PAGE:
KATHMANDU, July 6: Lack of dissemination of proper information along with a number of hindrances including poor market access, poor financial literacy and procedural defects have been preventing a majority of the COVID-19 affected women entrepreneurs from receiving the targeted recovery packages introduced by the government.
Should policy making be more nuanced to accommodate the need of evolving demographic trend in Nepal? If phrased like this, the answer is likely to be an almost unanimous ‘yes.’ And yet, policy making tends to be rigid and changing a policy takes ages. Take for example, policies regarding women entrepreneurs. In a survey of managers and owners of 622 Nepali firms conducted by the International Labor Organization (ILO) two years ago, women entrepreneurs identified access to finance and difficulty of getting customers as two top barriers to growth.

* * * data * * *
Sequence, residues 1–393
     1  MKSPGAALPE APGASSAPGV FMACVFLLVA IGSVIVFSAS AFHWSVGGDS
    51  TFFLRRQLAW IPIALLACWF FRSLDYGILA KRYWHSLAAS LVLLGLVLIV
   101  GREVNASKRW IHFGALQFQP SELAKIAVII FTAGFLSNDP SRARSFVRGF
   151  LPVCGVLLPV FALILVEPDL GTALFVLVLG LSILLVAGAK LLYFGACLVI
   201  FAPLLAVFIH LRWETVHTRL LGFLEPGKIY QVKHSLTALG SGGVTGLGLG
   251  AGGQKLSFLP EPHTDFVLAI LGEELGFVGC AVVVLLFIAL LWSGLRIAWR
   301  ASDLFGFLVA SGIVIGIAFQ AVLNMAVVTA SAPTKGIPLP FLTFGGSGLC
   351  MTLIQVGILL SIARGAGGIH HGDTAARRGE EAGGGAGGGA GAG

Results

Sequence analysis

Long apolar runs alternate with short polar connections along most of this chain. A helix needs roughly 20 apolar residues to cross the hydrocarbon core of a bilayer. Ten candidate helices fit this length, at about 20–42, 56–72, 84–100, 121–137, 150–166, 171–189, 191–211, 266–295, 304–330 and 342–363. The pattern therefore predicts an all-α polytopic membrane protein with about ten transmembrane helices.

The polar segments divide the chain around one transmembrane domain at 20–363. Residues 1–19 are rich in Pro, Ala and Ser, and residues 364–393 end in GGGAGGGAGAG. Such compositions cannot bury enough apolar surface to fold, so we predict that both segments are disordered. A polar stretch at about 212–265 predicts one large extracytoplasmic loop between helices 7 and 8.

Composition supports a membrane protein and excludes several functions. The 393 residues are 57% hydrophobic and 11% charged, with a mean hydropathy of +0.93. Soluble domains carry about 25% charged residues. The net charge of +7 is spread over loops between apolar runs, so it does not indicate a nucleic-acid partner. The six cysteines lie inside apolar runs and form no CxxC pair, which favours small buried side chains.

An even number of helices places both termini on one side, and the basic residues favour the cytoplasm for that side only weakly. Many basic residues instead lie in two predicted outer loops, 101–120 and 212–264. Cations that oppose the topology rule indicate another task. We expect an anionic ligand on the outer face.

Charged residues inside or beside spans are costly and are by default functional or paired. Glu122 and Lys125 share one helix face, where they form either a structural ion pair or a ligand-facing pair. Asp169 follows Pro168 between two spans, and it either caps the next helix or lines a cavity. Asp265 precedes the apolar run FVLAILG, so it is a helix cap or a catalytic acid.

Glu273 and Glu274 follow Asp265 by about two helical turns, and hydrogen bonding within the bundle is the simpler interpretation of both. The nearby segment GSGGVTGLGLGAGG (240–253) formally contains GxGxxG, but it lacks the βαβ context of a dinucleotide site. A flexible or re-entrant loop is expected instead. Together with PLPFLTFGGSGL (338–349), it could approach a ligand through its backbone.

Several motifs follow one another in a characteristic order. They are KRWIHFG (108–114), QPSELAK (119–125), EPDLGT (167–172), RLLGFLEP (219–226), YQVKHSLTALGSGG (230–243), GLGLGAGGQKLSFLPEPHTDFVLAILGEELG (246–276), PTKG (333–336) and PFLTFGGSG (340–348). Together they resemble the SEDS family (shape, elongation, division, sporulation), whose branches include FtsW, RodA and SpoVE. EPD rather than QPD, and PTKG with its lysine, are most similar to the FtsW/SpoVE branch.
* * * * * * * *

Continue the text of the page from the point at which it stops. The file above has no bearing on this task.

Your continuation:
Ever noticed how the term ‘male entrepreneur’ is rarely, if ever, used anywhere. But ‘women entrepreneurs’ is something you hear of quite often. This is perhaps because even in today’s day and age there aren’t enough women business leaders in the world. And that’s true in the context of Nepal as well.
BANKE, Dec 21: Women entrepreneurs have urged the government to build a supportive environment for the women to participate in entrepreneurship, on the occasion of 15th Annual Women Entrepreneurs General Assembly held in Nepalgunj on Friday.
KATHMANDU, Sept 28: Nepal Rastra Bank (NRB) has unveiled unified working procedure related to interest subsidy for concessional loans, paving the way for unemployed educated youths, returnee migrant workers, women entrepreneurs, Dalits and earthquake victims, among other targeted groups, to borrow money from bank and financial institutions at cheaper interest rates.